Indo Mag: A Sailing Trip Around the Indonesian Archipelago
This past May, a dream of mine came true when I traveled to Indonesia for the first time. Through a very unique travel agency called Momentum (who specialize in adventures) we found an expat named Patti, who has built a beautiful boat that sails around the archipelago. Never did I imagine that we would run our hands through the dark ocean at night and watch it light up with phosphorous, see a Komodo dragon in the wild, swim over a massive sea turtle, or be taught to make native dishes in situ. Special thanks to Momentum for treating us and hosting this trip we were incredibly lucky to take, and will never, ever forget.
We sailed a little corner of the Indonesian archipelago—comprised of more than 17,000 islands—over the course of four days.
Our amazing boat, the Silolona, was designed after traditional Indonesian trade boats that sailed along the historical Spice Routes.
Inside one of the boat’s bedrooms.
Views from the boat.
Before we set sail off the coast of Labuana, Nasir, one of the crew members who also built the boat, performed an Indonesian ritual for safe passage. Nasir turned out to be a total rockstar—singing, dancing, and tandem water skiing with me.
What we did…
Moses loathed the tube.
You can Magiver a toy out of anything in Indonesia.
BBQ on the island of Banta
When we would arrive at a new beach, we would spend 20 minutes picking up the debris that had washed up on shore. Among the refuse were small brown glass bottles, which seemed to be everywhere. We saved those and the crew showed us how to turn them into homemade lanterns by filling them with kerosene and making a homemade wick. We lit the beach by perching them on the rocks (see all the little specks of light above). At the end of the night we lit giant rice paper lanterns and sent them off with a prayer. (Moses is now a pyro thanks to this particular evening.)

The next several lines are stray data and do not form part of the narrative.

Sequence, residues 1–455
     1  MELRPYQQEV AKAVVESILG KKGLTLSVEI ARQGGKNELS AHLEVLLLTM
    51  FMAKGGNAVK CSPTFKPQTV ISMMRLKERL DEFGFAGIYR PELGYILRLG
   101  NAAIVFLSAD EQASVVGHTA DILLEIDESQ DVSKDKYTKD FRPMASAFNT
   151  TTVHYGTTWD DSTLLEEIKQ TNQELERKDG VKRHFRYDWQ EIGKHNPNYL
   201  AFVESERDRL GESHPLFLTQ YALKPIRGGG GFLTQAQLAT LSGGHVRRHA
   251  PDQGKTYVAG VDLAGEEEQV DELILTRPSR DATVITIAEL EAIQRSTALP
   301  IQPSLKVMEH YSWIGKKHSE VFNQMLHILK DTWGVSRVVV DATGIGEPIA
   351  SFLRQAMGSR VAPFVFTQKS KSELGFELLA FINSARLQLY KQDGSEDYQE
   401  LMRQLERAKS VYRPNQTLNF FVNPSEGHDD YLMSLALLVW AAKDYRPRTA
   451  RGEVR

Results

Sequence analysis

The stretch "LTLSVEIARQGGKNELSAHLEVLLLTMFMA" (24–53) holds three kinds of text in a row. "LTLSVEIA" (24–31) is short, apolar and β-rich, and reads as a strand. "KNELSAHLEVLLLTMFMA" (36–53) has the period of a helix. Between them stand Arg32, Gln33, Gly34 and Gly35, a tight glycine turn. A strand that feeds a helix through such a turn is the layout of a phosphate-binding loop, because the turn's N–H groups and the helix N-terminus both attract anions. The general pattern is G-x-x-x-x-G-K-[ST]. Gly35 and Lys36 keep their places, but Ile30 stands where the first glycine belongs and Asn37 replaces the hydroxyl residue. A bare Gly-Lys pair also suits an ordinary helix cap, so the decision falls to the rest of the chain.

We built a fire and watched in awe as the chef cooked a gorgeous traditional Indonesian barbeque of fish, chicken, and vegetables with beautiful sauces and salads to accompany.
Rocking Nasir’s world with his first ever s’more.
The food on the boat was beyond. Everything was super fresh, with the fish and produce usually picked up from an island the same day or sold to the boat directly from sellers on the water.
The produce pantry.
You better like your sous chef in a kitchen this small.
Croissants baked fresh every morning.
Chicken satay, tempe, egg, tofu, rice steamed in palm leaf and steamed veggies covered in satay sauce.
Chef Yudha was kind enough to write a few of the recipes out. Hand illustrations included. See typed recipes below.
We disembarked to go dragon spotting and were a little trepidatious. These guys are carnivorous and can run up to 20kmh.
This did nothing to assuage our fears. Apparently the dragons eat everything but the skulls.
We spot our first two walking. They don’t look so bad.
View from the top.
We spend an afternoon on Pantai Merah (Pink Beach), which gets its color from the beautiful coral that surrounds the islands.
Around the island of Loh Buaya where many fishing villages are, fishermen would see our ship coming and row up with crafts they had made, or their catch from that day. A man sells smoked fish in the picture above.
Nasir bought some white bait from these kids for dinner that night. He paid for the fish with cans of soda.
Terima kasih for the best holiday ever.
Special thanks to Momentum Adventure who treated us and hosted us as their guests throughout this incredible journey.
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